At ASCB itself, Jenna, Michael, and Jack presented posters, and Daniel presented an invited talk (for the 4th year in a row!).
Covid silver lining: we can readily share our enthusiasm for research via zoom and Google classrooms! Amy connected with K-12 students via Skype-a-Scientist, and presented a seminar at a nearby HBCU, NC A&T. Both audiences had abundant thoughtful questions! Amy was enriched by the opportunity to connect.
Amy enjoyed seeing smiling faces and names from our big, diverse department and from as far away as Montreal. The zoom meeting approximated a packed lecture hall and was a celebration of past and ongoing work by all members of the lab.
Have you ever wondered how the chirality of minuscule cellular components is manifest at the cell- or organism level? Adhham and Jenna found that the septins are required for the cortical rotation that occurs with consistent handedness, in early anaphase in the C. elegans zygote. While the septins are required for rotation to occur at all, the formin CYK-1 is required for the consistency of handedness and persistence of cortical flow. Check it out on BioRxiv and look out for it in a favorite journal soon!
Daniel’s work modeling non-muscle contractility and cell division in the C. elegans zygote and in silico using particle-based simulations was recognized with a position on an NIH training grant awarded to UNC’s Lineberger Comprehensive Cancer Center. We are all proud of and grateful for this honor.
Coleman started in the lab several years ago, via the Federal Work Study program, and quickly made key contributions to ongoing work on contractile oscillations. He applied lessons from coursework in Statistics and Operations Research and taught us all a lot. The summer before his senior year he was awarded a prestigious SURF summer research fellowship to work full time in the lab. During that time, he learned the entire experimental workflow, culturing worms, dissecting zygotes, and acquiring image data on the confocal. He worked in the lab briefly after graduating, and recently moved to the University of Wisconsin at Madison for graduate studies in Biostatistics. We miss him and wish him well!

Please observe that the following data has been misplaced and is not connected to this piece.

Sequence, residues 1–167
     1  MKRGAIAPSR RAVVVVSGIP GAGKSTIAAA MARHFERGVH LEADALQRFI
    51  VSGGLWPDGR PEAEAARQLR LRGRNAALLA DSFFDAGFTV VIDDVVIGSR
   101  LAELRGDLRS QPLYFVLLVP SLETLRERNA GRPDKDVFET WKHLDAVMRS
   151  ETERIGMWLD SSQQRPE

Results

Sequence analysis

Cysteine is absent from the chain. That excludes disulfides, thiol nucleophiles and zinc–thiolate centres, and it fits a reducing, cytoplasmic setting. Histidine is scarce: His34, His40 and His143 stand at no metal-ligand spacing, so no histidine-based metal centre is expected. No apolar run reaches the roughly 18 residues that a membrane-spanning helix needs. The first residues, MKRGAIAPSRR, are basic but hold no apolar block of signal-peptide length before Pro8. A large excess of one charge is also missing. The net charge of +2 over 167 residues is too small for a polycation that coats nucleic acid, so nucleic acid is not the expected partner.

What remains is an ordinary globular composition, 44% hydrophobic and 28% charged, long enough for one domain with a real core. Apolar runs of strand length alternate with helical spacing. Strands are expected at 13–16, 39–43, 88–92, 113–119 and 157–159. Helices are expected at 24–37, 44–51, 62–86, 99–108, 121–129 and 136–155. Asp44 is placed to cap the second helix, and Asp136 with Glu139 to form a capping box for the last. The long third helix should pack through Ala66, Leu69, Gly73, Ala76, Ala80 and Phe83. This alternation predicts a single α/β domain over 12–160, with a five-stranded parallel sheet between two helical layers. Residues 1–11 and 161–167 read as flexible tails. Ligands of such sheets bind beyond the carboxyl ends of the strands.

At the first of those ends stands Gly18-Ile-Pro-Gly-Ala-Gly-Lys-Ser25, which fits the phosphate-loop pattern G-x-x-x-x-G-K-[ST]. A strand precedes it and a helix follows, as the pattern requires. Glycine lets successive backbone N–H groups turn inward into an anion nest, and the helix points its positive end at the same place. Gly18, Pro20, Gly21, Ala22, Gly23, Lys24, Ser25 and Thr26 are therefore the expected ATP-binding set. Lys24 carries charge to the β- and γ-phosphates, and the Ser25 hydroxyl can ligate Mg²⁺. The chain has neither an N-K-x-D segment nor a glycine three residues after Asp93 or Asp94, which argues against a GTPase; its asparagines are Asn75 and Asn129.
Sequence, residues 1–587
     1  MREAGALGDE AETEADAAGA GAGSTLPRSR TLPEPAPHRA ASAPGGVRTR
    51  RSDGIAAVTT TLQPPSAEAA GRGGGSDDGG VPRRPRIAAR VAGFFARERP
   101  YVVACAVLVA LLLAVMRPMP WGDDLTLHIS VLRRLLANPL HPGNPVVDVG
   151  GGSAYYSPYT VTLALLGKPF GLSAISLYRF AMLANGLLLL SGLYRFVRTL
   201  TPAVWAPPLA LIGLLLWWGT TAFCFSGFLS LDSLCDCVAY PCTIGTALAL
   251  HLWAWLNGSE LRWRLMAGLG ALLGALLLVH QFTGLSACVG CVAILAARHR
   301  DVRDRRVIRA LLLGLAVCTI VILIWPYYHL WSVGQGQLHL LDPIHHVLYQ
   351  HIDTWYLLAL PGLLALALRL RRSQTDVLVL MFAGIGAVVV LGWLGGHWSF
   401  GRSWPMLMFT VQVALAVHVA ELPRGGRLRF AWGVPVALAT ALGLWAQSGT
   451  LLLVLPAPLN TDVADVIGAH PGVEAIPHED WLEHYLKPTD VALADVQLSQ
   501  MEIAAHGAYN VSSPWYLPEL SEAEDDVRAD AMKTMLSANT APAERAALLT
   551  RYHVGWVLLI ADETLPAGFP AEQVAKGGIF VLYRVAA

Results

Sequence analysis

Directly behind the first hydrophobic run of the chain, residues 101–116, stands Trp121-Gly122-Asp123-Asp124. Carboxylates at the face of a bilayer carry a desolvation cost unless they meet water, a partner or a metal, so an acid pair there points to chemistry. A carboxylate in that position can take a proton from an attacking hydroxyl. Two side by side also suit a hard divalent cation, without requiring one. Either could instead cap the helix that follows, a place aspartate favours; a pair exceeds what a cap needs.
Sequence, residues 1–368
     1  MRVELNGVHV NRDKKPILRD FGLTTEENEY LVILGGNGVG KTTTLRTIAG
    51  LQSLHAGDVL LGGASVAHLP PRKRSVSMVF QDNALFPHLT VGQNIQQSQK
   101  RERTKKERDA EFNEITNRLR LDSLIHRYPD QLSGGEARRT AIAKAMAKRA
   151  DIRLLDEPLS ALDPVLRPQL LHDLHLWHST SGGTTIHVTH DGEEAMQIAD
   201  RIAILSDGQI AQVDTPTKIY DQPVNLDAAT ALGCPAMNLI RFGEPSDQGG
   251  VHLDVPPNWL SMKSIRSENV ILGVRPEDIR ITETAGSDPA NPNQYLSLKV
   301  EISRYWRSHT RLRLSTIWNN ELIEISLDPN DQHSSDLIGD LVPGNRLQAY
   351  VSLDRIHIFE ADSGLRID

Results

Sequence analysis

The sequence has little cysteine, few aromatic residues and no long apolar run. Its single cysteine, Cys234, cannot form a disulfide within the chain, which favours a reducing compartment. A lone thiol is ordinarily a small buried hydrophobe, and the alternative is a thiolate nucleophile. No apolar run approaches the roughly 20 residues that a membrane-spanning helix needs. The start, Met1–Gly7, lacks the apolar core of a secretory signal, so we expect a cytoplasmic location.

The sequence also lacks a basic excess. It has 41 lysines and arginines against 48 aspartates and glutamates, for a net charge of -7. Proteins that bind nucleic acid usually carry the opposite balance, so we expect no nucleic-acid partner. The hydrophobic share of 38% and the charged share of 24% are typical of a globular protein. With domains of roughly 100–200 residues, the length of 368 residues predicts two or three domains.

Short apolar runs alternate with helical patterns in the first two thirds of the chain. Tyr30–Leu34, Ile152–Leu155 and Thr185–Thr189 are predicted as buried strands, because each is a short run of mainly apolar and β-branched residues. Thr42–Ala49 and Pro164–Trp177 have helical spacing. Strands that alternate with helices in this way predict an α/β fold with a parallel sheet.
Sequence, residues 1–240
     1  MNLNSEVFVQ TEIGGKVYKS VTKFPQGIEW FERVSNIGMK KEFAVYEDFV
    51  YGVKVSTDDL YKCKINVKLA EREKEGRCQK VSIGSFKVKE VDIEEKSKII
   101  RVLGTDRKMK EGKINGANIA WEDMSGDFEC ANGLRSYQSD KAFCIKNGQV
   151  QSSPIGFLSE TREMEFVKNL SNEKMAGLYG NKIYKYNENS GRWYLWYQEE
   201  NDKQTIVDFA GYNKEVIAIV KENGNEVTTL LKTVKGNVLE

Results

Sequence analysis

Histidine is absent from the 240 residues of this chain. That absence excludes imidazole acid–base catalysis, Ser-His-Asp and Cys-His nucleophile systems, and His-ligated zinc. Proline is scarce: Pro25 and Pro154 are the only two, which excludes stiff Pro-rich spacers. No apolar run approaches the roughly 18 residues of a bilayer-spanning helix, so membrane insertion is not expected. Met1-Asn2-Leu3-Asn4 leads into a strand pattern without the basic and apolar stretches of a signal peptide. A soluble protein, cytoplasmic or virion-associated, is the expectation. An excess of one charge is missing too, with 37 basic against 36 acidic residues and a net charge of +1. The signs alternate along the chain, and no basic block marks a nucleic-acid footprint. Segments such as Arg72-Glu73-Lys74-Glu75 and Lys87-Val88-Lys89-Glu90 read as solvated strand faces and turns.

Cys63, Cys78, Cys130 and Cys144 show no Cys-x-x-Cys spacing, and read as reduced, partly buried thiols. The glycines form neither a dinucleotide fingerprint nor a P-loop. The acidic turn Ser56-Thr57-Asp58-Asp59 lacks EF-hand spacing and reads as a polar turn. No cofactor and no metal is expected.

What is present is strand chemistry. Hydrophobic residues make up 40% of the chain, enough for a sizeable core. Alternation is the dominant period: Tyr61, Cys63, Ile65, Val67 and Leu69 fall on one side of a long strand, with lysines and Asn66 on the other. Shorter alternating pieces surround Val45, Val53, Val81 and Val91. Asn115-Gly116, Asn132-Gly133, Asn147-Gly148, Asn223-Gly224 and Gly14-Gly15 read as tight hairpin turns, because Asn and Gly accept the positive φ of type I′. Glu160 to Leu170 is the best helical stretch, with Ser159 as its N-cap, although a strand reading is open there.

Larry worked in the lab for several years as an undergraduate, and then completed his Honors Thesis on septins in cytokinesis and the effects of septin alleles on multimerization. He was a tech for one year, and was accepted to med school. Here he is after getting his white coat!
With NIH/NHLBI’s Clare Waterman and UNC’s Amy Gladfelter, Amy co-organized a Nikon-sponsored Cytoskeleton seminar series for the Marine Biological Labs’ MBL Virtual Programming in July. On three consecutive Tuesday evenings, we enjoyed excellent talks and massive, global turn-outs to hear our speakers: Princeton’s Sabine Petry, NIH’s Jadranka Loncarek, and MIT’s Lindsay Case. Lively Q&As followed. And each session began with the most charming, heartstring-pulling video walk-through of the MBL, for all of us missing this scientific homeland. Check it out!